If we want to win minds, we need to start with the heart. If we want people to like us, we need to get them to feel good about us first, by smiling and using an upbeat tone of voice. It's no different when we first encounter any marketing material. Try this: instead of using the term 'creativity', use 'emotional engagement'. Instead of thinking 'brand', think 'friend'.
Friends are people we rely on and who make us feel good. They connect with us on an emotional level. We enjoy being with them and having a good time. The success of networking website Facebook, with more than 20 million users, is due in part to the fact that we all have a human need to have friends.
Sadly, most brands would make dull friends; their Facebook pages would be lonely places. As soon as 'fun' is mentioned, marketing managers run a mile, and out pour the myths that you have to "act seriously to be taken seriously". This couldn't be further from the truth. Humour is one of the most powerful marketing tools you can use to engage people.
This is mainly because it first lowers people's defences before engaging them emotionally. If, by contrast, you seek to take a rational approach, you'll just end up boring people. We've all met and avoided those types at parties.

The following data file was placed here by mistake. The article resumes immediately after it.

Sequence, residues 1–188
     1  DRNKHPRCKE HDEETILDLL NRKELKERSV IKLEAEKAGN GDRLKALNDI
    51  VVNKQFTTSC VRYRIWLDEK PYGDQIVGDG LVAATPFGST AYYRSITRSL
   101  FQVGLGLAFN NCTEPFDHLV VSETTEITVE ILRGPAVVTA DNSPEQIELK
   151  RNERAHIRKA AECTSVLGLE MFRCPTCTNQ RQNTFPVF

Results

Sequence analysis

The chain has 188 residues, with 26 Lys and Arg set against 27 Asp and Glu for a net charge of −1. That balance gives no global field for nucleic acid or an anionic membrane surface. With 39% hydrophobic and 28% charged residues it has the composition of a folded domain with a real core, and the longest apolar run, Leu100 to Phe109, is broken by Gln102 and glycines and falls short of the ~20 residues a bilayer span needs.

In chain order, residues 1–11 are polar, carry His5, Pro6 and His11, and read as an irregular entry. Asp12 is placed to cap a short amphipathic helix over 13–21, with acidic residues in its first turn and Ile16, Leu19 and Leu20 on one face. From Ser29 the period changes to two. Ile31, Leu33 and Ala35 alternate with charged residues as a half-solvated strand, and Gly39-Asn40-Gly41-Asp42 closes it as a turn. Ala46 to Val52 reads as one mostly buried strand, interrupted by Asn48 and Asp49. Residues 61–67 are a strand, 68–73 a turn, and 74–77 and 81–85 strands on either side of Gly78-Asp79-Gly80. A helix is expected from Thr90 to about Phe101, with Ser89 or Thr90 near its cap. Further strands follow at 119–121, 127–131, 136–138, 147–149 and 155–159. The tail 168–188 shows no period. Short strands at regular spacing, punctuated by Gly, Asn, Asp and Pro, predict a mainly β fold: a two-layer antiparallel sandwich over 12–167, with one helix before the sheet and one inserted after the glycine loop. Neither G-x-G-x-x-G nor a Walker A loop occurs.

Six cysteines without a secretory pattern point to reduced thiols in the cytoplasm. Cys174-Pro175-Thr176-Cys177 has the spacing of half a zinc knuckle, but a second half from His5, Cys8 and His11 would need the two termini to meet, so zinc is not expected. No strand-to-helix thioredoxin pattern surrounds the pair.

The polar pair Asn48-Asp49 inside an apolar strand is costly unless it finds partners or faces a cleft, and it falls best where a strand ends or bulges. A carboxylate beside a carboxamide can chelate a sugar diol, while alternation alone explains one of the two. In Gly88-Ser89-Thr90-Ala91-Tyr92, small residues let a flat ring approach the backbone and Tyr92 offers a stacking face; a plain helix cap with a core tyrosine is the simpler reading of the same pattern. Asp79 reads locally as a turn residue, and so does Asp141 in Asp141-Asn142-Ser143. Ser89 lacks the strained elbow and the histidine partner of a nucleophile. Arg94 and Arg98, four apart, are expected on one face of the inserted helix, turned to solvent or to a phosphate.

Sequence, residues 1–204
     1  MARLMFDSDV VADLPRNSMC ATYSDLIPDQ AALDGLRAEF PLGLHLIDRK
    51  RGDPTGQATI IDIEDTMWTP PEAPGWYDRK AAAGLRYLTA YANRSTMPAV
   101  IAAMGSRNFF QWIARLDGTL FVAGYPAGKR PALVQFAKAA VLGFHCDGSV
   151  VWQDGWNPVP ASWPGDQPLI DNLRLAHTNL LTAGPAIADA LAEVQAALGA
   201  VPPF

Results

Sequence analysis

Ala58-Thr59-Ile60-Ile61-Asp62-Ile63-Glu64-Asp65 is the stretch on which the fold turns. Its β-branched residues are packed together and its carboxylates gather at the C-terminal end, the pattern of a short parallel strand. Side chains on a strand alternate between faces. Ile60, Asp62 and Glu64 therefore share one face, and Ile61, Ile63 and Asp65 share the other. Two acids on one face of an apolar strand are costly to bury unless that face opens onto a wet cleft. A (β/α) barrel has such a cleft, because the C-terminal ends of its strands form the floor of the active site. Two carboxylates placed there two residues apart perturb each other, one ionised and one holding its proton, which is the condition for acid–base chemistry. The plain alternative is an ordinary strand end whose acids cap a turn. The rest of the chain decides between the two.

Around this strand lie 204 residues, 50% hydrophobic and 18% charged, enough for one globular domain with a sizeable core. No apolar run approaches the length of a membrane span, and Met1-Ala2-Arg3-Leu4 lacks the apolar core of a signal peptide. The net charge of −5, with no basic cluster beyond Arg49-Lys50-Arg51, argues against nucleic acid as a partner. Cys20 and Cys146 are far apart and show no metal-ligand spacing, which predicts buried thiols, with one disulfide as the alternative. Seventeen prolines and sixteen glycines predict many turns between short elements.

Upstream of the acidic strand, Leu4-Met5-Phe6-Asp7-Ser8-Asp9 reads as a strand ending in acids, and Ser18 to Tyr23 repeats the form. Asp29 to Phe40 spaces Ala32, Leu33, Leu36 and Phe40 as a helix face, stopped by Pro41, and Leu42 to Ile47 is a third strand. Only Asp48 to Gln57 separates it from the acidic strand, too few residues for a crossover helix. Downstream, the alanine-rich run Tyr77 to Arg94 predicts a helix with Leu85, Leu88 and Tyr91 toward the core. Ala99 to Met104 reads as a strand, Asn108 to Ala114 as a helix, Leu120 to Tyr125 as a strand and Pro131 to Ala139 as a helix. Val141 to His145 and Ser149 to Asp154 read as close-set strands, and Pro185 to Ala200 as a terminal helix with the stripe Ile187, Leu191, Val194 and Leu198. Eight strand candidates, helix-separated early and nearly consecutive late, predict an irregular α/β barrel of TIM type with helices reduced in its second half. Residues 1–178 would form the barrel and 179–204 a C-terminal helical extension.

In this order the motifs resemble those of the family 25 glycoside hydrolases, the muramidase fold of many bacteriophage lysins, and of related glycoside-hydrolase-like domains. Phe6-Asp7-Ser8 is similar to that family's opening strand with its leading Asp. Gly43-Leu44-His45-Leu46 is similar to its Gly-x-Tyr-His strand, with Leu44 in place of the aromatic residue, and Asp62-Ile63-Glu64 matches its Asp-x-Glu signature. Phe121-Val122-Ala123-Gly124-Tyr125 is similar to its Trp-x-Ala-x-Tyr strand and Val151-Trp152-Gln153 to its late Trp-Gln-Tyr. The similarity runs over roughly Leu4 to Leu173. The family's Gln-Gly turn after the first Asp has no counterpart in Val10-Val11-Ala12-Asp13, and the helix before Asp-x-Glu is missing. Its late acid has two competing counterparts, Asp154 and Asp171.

A campaign by FPA, formerly the Family Planning Association, several years ago was designed to promote its helpline to doctors - to do this, it used risque humour. It changed the meaning of FPA to the "Frisky Pets & Animals helpline", the "Fruit Protection Agency" and the "French Polishers Adviceline", with headlines such as "Keep your wood looking good. Polish it daily". It all went down a storm.
There is a misconception that charity is a serious business, but Comic Relief is a highly successful operation, even though it deals with a serious subject.
I was involved in a campaign called Happy Mondays, created for the National Deaf Children's Society - it challenged office workers to make 10 September a day of fun. The day was a great success because it encouraged people to enjoy themselves rather than do something 'worthy'.
It's time for a revolution; time to put the smile back on the face of charity marketing. If you want people to invite you into their lives and support you, you need to act like a friend. Do what friends do. When your brand starts acting like a friend, it changes your whole marketing strategy, because what friends do best is make us smile.
- Chris Arnold is executive creative director of marketing agency Blac.